- 8 cups confectioners’ sugar
- Seeds of 1 vanilla bean
- Milk or heavy cream optional
White almond sour cream cake layers
- Preheat oven to 350F.
- Whisk together the first 4 ingredients in a large mixing bowl. In a four cup measure, stir together the sour cream, water, eggs and extracts. With a hand mixer running on low speed, gradually pour the liquid ingredients into the dry ingredients. Scrape the bowl down and mix again. Divide the cake evenly between the pans, about 3 cups per 9-inch pan or 2 cups per 7-inch. Bake for 25- 30 minutes, or until the cake springs back in the center when pressed.
Vanilla bean buttercream
- In a stand mixer fitted with the whisk attachment, mix together the butter and confectioners sugar. Begin on low speed until crumbly, and then increase to high and beat for 3 minutes.
- Add vanilla bean and beat again for another minute. If you find the buttercream is too stiff, you may add milk or heavy cream 1 tablespoon at a time until the mixture is spreading consistency. Beat until light and fluffy.
- Fill each 7-inch cake layer with 1/2 cup frosting, or if making 9-inch layers, use 1 1/4 cups. Stack cake layers and frost entire cake with a generous covering of buttercream. Store loosely covered at room temperature.
Buttons and Daisies Fondant Decors How-To
- First, roll out about 1/4 lb. of fondant per the package’s directions. If you’re a beginner with fondant, be sure to read the pamphlet on the inside of the box. Work with one color at a time and be sure to close the unused fondant in an airtight container while you work.
- For the large buttons, I used Ateco #822 tip just like a cookie cutter to cut out the rounds, but you could use any 1-inch round cutter. The Wilton #2 round decorator tip was used for the smaller buttons, and it measures approximately 3/4-inch. On the larger 1-inch cut outs, center the smaller piping tip in the middle of the button to impress a small circle, then with the piping end of the Wilton #2 tip, create 4 button holes.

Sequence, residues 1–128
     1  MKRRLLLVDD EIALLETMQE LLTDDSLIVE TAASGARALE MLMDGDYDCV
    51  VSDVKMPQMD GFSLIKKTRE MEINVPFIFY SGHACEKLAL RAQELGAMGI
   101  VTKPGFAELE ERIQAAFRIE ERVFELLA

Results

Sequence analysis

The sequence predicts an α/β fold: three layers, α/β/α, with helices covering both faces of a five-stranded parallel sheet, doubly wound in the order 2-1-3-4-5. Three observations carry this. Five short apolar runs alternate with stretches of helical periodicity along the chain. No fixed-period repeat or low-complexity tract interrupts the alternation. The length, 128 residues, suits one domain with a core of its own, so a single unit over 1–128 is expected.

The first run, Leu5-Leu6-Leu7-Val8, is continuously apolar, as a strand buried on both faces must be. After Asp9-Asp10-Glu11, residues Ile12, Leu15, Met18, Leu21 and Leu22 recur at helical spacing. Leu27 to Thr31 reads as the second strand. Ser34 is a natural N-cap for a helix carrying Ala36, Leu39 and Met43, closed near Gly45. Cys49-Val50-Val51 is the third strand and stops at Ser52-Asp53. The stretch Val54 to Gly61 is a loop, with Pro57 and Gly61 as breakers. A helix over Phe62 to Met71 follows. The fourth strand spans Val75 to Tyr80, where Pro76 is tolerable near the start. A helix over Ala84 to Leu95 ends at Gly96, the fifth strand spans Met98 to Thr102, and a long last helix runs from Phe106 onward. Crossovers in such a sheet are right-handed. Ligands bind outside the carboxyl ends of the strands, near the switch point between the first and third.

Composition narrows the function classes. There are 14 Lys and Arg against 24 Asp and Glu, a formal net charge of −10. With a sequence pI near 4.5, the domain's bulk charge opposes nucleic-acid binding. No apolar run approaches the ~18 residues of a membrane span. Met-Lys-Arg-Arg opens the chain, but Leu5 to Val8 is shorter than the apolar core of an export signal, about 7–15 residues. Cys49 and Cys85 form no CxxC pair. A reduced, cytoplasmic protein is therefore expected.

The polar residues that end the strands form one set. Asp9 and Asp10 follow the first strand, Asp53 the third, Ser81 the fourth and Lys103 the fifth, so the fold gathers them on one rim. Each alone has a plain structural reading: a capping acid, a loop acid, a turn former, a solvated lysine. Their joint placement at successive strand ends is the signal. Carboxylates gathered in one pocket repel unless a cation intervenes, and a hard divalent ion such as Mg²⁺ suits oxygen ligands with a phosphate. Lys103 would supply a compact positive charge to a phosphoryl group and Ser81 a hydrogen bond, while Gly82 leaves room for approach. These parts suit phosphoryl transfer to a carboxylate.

- For the smaller buttons, I used a 1/2-inch magic marker cap to make a button-like impression in the fondant. Use the #2 piping tip to punch two button holes. Allow the buttons to dry until firm, about 3 hours.
- For the large daisies, use the fondant daisy cutter to cut shapes from rolled white fondant. Stack two cut-outs on top of each other and press a yellow candy bead in the center. Be sure to press the candy into freshly cut fondant -it won’t stick if it’s been sitting too long and dries. Tip! I propped some of my daisies up on the curve of a bowl to give them extra dimension.) Allow daisies to dry until firm.
- For the tiny daisies, cut white rolled fondant with a small daisy plunger cutter. Press a yellow jumbo non-pareil into each cut flower. As before, be sure to press the centers in while the fondant is fresh and moist.
- Arrange buttons and daisies in garland-fashion around the top and bottom edge of the cake. Use additional buttercream as glue if the pieces don’t naturally stick.